Cat-Iron Doesn’t Offer Uniform Heating; What to do?

We all admire cast-iron cookware’s durability and versatility, but if there’s one thing it lacks, it is the uneven heat distribution.

Whether you use a gas stove or an oven, your cast-iron skillet might show several hot spots, leaving some of your food overcooked.

Fortunately, you can fix this situation too.

Preheat Cast-Iron Skillet in Oven Temperature

If you’re cooking in the oven, pre-heat your cast-iron skillet at 450F while you do the meal prep. Let the pan pre-heat for about 15 minutes and carefully take it out.

Pre-heating will provide you with an even cooking surface that doesn’t leave any ingredients under or overcooked. But if you use a gas stove, leave your cast-iron skillet on low-medium flame for uniform heating and easy food release once you’re done cooking.

Gradual heating and cooling let metal cookware expand and contract at its original pace; hence no uneven heating or food sticking. Remember this rule; don’t add cold ingredients to a hot cast-iron skillet, and don’t put a hot skillet in cold water.

How to Make a Cast-Iron Skillet Non-Stick?

Cast-iron isn’t naturally non-stick; it is coated with a silicone or beeswax layer to provide you with easy food release. If food sticks to your skillet’s interiors, season it with a high smoke point oil to enjoy a better cooking experience.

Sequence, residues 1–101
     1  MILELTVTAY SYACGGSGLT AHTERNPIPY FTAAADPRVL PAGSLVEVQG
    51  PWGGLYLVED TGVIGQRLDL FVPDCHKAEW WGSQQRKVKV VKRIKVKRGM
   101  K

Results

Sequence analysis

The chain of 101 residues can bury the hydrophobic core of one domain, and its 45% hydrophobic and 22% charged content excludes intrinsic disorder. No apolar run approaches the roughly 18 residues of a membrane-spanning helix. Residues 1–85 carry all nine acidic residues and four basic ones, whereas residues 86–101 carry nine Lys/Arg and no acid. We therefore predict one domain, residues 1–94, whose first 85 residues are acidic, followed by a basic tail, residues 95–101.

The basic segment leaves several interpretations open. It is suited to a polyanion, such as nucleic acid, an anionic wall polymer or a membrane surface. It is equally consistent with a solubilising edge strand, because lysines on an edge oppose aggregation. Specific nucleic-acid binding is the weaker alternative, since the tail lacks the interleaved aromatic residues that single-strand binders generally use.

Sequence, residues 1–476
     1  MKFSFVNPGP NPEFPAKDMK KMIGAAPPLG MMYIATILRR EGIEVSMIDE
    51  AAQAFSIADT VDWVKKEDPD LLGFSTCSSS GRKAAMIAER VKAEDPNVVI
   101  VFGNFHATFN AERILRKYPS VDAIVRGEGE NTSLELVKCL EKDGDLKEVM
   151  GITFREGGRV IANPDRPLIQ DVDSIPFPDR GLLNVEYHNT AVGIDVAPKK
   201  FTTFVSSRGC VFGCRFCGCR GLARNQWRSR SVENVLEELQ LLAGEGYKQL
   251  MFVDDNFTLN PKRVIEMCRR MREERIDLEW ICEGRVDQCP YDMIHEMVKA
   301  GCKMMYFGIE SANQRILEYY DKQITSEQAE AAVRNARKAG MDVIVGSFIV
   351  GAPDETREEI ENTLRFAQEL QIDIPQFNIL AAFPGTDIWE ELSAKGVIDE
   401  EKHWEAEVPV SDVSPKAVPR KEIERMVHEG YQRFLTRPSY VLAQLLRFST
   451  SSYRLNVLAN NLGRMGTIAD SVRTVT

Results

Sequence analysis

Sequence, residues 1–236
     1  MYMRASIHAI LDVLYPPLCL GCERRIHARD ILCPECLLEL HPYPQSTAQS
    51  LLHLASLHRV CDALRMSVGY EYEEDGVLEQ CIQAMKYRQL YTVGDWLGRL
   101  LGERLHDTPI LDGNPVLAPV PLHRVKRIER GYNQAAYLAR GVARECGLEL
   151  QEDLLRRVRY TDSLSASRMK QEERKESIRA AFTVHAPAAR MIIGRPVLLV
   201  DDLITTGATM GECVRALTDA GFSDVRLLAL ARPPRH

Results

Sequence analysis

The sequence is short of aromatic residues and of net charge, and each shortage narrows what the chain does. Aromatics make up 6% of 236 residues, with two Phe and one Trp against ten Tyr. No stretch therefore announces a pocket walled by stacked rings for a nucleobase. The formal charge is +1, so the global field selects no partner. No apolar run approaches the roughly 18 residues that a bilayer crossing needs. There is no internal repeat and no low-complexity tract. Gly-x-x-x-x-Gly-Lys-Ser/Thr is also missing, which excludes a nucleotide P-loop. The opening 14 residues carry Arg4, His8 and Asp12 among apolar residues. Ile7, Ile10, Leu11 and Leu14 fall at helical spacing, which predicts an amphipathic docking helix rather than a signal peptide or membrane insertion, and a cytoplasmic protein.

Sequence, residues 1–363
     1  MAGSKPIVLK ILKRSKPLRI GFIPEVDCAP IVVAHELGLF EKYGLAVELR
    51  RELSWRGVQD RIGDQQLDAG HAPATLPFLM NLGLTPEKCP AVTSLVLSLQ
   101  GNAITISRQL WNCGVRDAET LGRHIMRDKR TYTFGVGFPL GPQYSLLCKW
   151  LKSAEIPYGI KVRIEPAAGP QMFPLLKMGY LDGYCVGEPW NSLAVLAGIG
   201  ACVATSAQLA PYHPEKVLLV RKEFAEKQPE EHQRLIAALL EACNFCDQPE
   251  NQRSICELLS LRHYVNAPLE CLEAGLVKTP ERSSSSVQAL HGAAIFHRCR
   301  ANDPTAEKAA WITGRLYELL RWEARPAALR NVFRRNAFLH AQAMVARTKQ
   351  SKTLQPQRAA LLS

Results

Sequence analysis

Seasoning in the Oven

  1. Thoroughly clean your skillet to remove food gunk and grime from it. Towel dry it and leave it for 5-10 minutes on the countertop.
  2. Drizzle a minute amount of cooking oil on your skillet (flaxseed, grapeseed, olive oil, etc., are all good choices). Use a kitchen towel to remove the excess oil and leave only a thin film.
  3. Turn on your oven and set it to 450F; place your cast-iron skillet in the oven, face down.
  4. Bake the skillet for about 60 to 90 minutes, leave it inside the oven to cool down, and take it out.

The method will coat your skillet in a thin oil layer, which offers quick food release and easy clean-up.

Seasoning Cast-iron on the stove

Seasoning a cast-iron skillet on the stove is similar to the method I explained above. Use a low-medium flame for 60 minutes, and it’ll leave a smooth oil film on your skillet.

Remember to re-season your skillet whenever it’s feasible for you, and enjoy an excellent non-stick cooking experience. 

Can a Cast-Iron skillet crack?